hedges like walls block the view and prevent communication between neighbours. In other words: Søren Dahlgaard’s multi-media art is multi-facetted, rich and inventive. He also has a global outlook and a long, international series of exhibitions behind him–and before him. Alone in 2012 he has exhibited in 14 places around the world– from New Zealand and the Maldives to Greece and Finland. Not to mention the special exhibition The Kaboom! Process, which was shown in Asbæk’s Art Center, CCA Andratx, Mallorca. Søren Dahlgaard was educated at Slade School of Fine Art in London, 1997–2002. We walk around his studio and look at his many works. If I tell you something about all of them it will take far too long, so we had better limit ourselves, he says, while pointing out a series of A4 drawings entitled A Hedge is a Lance. These works were exhibited in autumn 2011 in Gallery Asbæk in Copenhagen. It is a series of photos of paintings that Søren Dahlgaard
created in Øregaard Museum’s park late summer 2011. He was garbed in a costume of branches and grass– alias the Hedge Warrior–and ran towards three large canvases holding 2 metre long hedge plants under his arm, using these as lances-cumpaint brushes. Not without humour he points out the long history of original paintings and the battle to paint masterpieces. But I am also going to exhibit a series of ink drawings that illustrate in sketch form the problems that I am working with. Some of them become actualised, while others function as part of an idea bank. I value these greatly and consider them the core of my artistic work. As conceptual artist Søren Dahlgaard combines several artistic methods with, for example, social intervention, interactivity and development of alternative urban spaces, as illustrated by the above mentioned privet hedge on wheels. I grew up in Sorgenfri and lived on a street called Privet Lane, laughs Søren Dahlgaard, so it is
quite natural for me to work with this bush, that is very common in Denmark and which means so much, because it puts boundaries between people and properties. With regards to interactivity I notice that the public enjoy joining in–this is the case with both my dough portraits and painted portraits. With the live-performances this results in a constructive collaboration with the portrait sitters who offer their services. They are willing to let themselves be covered in paint or pack their faces in dough, even though they are a little unsure about whether they will be able to breathe. But they can and it only lasts about 10 seconds until I have taken the photograph, which functions as an independent artwork.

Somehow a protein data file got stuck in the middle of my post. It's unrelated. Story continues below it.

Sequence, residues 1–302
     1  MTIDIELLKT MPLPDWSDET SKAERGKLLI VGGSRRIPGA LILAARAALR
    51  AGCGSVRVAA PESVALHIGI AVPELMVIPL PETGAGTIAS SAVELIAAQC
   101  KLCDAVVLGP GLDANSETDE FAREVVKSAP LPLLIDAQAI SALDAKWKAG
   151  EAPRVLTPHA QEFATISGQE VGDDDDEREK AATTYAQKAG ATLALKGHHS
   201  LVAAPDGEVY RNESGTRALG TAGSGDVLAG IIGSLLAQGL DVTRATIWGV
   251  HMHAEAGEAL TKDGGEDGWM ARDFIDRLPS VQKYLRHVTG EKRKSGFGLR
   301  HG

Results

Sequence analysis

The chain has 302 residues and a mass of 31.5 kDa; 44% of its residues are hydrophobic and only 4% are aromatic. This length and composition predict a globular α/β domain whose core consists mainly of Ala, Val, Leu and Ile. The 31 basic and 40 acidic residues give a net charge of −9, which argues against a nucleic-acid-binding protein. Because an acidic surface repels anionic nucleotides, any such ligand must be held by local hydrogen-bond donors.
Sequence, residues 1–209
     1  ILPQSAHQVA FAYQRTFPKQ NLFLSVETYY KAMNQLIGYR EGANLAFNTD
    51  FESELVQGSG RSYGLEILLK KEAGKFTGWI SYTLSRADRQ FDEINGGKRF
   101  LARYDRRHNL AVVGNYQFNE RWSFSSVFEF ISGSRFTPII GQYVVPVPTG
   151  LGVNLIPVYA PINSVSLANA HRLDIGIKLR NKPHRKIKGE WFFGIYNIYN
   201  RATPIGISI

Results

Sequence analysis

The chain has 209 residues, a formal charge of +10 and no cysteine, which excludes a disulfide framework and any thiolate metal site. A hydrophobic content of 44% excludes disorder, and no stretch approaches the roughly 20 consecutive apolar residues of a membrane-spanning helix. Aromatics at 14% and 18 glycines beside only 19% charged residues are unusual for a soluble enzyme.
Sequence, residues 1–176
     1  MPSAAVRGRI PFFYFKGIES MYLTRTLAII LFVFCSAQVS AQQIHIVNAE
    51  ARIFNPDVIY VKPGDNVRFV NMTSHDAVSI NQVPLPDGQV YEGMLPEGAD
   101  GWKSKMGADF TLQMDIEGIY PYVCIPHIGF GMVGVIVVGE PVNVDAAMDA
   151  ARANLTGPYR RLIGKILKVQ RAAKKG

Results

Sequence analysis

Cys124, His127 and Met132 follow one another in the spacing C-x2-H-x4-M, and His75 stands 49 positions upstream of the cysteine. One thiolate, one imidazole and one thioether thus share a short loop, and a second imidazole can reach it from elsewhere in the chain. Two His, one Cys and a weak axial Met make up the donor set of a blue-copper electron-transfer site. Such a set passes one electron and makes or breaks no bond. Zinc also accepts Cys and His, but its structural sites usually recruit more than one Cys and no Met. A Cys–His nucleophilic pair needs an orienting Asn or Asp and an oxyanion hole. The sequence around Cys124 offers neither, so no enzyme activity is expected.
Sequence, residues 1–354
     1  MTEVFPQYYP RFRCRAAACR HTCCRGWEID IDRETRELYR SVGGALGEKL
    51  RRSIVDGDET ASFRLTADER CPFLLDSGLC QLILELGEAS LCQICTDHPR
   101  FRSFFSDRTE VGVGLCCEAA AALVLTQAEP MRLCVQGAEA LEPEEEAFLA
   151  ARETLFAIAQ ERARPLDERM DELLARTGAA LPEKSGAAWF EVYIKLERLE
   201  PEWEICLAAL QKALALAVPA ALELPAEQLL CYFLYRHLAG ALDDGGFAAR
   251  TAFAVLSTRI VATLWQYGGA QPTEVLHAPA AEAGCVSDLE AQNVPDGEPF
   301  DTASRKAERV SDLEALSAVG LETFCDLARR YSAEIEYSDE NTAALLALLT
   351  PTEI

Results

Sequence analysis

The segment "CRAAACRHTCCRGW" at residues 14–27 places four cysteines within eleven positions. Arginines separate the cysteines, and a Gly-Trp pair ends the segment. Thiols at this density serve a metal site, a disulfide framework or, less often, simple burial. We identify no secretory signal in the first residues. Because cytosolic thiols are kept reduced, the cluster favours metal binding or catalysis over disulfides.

– Offensive critique of minimalism’s ascetic aesthetics – Both when you are playing the role of Dough Warrior and when you paint your portraits you are continuing a long tradition of modern art: American action painting or French Tachism. But apart from that, you have also been influenced by the neo-Dadaist Yves Klein’s anthropometric works. During the 1960s he used beautiful, naked women to paint with; using his international Klein-blue colour on their bodies they rolled themselves over the canvases leaving body-prints as the picture’s motif. When I see, for example, your Slide paintings where you slide down a chute with black paint and impose your body print on a white board, then I think that you are consciously relating yourself to this tradition? Yes, I quite definitely continue the traditions you mention, but I do try at the same time to invoke new meanings by combining some of
Interview with Søren Dahlgaard– the before mentioned artistic experiments. Besides that I am actually very interested in, for example, minimalism’s aesthetics. And looking at your very gestural paintings that result from your action painting as the Dough Warrior, also abstract expressionism and Pollock’s drip paintings? Probably more of an ironiccritical reaction to abstractexpressive painting, because I am more interested in the process than the end result than the abstractexpressive painters, who related in a less conceptual way to the genre of painting. I place myself at a humorous distance to their, at times pathetic, attitude to painting as a fetish-object. Besides, I try to grasp phenomena in our environment that trouble me–including pink poodles. So, instead of going around these issues I turn them into themes, whether critical or humorous. Some years ago, as a humorous response to the public’s exclusion by the monochrome, minimalistic
painters, Søren Dahlgaard “greased” some paintings with coconut fat instead of using paint. It’s fun to paint monochrome for the first time, but pointless to continue having done so, for then you are just an epigone, says Søren Dahlgaard, who absolutely goes his own way. At the Charlottenborg Spring Exhibition 1998, for example, he exhibited his project Boxing Poodle, with his loathed, pink poodles. The work consisted of three pink poodles made from steel springs and foam-rubber, covered with latex, which the public could either hit or kick in order to satisfy their particular idiosyncrasies. Søren Dahlgaard looks quite “normal”, however he thinks quite differently from normal. He thinks things over ad absurdum and reacts to the world’s situation by creating two or three-dimensional pictures. And while doing so he also ponders over art, especially painting, which he attacks physically and by using motifs that crop up by chance. An example is when he made template-